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Conservation of Acacia tortilis subsp. raddiana Populations in Southern Sinai, Egypt I- Genetic Diversity and Structure

By walaa on June 15,2008


 Mohamed S. Zaghloul, James L. Hamrick, and Abd El-Raouf A. Moustafa 


      Acacia tortilis (Fabaceae) provides food and shelter for desert animals and is a major source of livestockfood and firewood for the native Bedouin people in Southern Sinai, Egypt. High mortality of establishedindividuals and low juvenile recruitment has been reported in recent years. As a result, this once commontree has experienced local extinction and is now a species of conservation concern in the region. Sixteenallozyme loci were used to examine regional genetic diversity within and among twelve naturalpopulations of A. tortilis selected to represent its geographic range in two large wadis in Southern Sinai,Egypt. The results showed that regional genetic diversity for A. tortilis (He = 0.213) is high compared notonly to estimates for other tropical acacias but for plants generally. The majority (96%) of the geneticvariation occurs within populations indicating that historically this species experienced high rates of geneflow over the geographic scale sampled. A UPGMA phenogram didn't match genetic distance amongpopulations with their geographic relationships. High historical rates of gene flow and the recentfragmentation of once more continuous populations coupled with the longevity of these trees couldexplain the results obtained.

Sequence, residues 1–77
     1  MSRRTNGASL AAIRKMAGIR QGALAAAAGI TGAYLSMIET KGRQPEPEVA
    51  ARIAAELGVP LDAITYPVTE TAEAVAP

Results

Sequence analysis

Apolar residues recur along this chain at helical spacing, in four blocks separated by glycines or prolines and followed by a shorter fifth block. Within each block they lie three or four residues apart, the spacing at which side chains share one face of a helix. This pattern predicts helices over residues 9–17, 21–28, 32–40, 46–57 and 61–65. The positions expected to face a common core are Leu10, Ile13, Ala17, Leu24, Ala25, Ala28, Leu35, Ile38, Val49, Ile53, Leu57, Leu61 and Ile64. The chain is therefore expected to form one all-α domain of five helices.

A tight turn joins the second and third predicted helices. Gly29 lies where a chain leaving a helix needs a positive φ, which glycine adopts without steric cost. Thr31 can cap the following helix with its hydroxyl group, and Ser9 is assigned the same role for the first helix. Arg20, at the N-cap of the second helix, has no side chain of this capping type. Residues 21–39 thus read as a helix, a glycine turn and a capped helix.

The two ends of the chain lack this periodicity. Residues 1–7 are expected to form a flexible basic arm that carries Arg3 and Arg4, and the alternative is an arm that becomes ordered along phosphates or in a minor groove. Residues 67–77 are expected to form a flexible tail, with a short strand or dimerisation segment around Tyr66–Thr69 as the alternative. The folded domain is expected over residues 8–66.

Key words: Acacia tortilis, Sinai, conservation genetics, genetic diversity.

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